In adding CJ Wilson to what was the 2nd best staff in the AL a year ago, LA made another move to catch the Rangers. Jered Weaver and Dan Haren are a playoff caliber top-2 who won a combined 34 games in 2011 while posting sub-3.20 ERAs. Each pitcher has a strong fastball, locates their pitches well, and they both pile up strikeouts. Wilson, despite his playoff struggles, provides another top of the rotation arm, and slots in nicely in the #3 spot. He is capable of winning 15 games with a sub-3.50 ERA. Ervin Santana, the 4th starter, had a breakout year in 2011, throwing for a 3.38 ERA in 220 innings with 7 strikeouts per 9.
The Angels will need to find the right mix in their bullpen. Jordan Walden will be entering his 2nd season in the bigs and was able to compile 32 saves a year ago while striking out more than a batter per inning. He has an issue allowing too many base runners, leading to an average 2.98 ERA.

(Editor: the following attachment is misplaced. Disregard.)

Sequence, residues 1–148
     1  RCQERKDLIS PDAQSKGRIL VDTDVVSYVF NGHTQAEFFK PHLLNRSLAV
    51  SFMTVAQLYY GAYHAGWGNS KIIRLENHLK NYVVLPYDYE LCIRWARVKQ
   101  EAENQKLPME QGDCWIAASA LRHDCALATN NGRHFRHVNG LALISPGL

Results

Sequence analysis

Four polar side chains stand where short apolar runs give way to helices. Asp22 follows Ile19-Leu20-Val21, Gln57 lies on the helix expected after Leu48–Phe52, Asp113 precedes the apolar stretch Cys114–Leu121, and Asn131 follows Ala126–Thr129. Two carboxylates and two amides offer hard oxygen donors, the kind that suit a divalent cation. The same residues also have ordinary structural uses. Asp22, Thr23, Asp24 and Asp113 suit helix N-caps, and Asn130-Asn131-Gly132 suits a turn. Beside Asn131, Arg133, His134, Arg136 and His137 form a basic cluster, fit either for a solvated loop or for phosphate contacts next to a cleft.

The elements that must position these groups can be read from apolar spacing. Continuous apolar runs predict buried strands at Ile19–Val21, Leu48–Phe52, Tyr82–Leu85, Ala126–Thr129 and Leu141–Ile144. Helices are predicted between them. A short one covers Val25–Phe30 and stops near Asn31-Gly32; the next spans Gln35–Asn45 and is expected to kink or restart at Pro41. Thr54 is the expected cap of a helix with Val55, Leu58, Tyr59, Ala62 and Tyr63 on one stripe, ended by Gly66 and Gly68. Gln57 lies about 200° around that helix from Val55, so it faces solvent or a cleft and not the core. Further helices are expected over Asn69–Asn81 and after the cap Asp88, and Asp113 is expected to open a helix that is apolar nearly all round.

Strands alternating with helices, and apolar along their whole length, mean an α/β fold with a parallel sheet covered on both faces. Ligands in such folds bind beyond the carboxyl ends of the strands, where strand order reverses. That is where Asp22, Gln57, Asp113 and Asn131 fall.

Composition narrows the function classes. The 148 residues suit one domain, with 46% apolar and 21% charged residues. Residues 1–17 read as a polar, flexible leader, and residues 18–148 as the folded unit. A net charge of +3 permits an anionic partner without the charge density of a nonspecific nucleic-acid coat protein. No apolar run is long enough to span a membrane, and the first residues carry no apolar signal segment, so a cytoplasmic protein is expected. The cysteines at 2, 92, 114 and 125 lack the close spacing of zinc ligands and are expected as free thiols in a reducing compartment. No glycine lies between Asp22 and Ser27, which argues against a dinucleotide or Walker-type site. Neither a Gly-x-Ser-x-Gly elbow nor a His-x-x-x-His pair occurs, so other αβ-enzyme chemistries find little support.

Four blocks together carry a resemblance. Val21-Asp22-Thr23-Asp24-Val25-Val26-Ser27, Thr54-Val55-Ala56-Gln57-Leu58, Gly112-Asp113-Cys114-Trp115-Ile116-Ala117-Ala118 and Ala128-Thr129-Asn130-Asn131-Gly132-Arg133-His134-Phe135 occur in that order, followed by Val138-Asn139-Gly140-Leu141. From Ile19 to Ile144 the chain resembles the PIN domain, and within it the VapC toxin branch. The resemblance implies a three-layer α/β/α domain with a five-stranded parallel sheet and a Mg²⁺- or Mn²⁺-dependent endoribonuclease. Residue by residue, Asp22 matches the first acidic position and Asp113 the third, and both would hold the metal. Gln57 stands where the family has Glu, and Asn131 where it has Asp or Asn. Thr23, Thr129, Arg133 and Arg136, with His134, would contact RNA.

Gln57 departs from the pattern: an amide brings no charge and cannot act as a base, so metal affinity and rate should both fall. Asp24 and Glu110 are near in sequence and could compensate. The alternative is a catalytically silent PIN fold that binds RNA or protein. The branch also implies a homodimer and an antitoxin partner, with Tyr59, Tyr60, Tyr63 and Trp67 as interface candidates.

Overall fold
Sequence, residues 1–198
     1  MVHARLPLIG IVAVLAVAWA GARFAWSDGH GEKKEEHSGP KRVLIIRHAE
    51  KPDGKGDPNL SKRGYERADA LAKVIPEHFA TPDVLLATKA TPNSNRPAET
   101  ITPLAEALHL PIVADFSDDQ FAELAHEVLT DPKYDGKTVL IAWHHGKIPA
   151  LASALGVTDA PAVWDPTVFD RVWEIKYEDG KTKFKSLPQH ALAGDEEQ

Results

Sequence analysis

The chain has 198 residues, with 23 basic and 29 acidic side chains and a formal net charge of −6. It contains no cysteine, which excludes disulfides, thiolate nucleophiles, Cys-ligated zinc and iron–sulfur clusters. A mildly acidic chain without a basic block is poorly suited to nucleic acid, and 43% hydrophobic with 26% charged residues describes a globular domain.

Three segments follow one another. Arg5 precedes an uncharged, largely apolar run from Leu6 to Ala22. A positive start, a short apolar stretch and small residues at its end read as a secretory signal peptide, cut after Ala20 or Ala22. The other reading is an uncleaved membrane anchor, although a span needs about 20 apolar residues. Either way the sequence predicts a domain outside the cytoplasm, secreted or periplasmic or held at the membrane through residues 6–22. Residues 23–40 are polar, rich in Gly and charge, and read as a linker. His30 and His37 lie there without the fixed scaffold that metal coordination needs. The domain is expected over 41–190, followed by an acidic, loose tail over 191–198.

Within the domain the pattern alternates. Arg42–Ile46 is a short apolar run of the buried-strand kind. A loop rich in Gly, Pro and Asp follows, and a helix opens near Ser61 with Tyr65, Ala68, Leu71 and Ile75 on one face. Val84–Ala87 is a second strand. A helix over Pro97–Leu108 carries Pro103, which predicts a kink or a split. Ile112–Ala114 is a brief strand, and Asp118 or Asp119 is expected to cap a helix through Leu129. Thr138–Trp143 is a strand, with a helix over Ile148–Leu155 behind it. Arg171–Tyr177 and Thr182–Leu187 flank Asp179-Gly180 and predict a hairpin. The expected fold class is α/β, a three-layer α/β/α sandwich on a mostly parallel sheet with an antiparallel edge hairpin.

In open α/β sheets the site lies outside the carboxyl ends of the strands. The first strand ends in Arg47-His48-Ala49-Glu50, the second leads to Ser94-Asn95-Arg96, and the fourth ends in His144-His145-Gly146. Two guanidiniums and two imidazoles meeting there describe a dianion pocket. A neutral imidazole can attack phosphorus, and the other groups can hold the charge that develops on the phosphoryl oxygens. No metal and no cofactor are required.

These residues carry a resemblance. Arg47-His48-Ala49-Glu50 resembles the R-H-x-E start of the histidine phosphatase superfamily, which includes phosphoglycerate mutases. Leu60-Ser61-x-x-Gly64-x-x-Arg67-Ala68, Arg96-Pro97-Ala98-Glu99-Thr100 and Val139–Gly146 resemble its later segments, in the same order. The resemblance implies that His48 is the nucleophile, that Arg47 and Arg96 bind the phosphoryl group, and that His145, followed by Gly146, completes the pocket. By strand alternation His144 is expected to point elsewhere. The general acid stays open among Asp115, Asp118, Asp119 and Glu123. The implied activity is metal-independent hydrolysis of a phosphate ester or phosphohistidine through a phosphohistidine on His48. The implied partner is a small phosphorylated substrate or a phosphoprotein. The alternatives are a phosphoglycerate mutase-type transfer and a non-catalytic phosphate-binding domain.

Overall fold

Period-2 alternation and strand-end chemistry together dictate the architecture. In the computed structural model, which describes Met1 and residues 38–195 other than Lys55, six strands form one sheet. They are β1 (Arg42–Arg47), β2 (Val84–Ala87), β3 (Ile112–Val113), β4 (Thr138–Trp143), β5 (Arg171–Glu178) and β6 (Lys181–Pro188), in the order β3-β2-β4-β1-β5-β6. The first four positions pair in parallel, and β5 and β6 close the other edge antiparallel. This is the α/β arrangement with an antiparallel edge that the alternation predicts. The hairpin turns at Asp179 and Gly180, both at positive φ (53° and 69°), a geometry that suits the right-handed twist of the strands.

Overall the LA Angels have plenty of star power and are a good bet to win 90 games. Texas has a deeper roster but the Angels may have the best players. If the Angels find a way to get Mike Trout in the lineup and platoon Wells and Abreau, they could sneak past Texas and avoid the Wild Card round. If not they will still be able to keep pace with the Rangers and are in for a season-long dogfight.
Oakland has a very good chance to be the worst team in baseball during 2012, and will probably be the worst team in the American League. After a somewhat disappointing year in 2011, finishing 74-88, Billy Beane decided that it was time for another tear down. Gone are Trevor Cahill, Gio Gonzalez, Daric Barton, and David DeJesus and in their place is Yoenis Cespedes, Bartolo Colon, and not much else. The offense will struggle to score against everyone, and the pitching staff is comically shallow. Billy Beane has not won so much as an American League pennant since becoming GM in 1997 and hasn’t sniffed the playoffs since 2006, so maybe his way of doing things isn’t working anymore.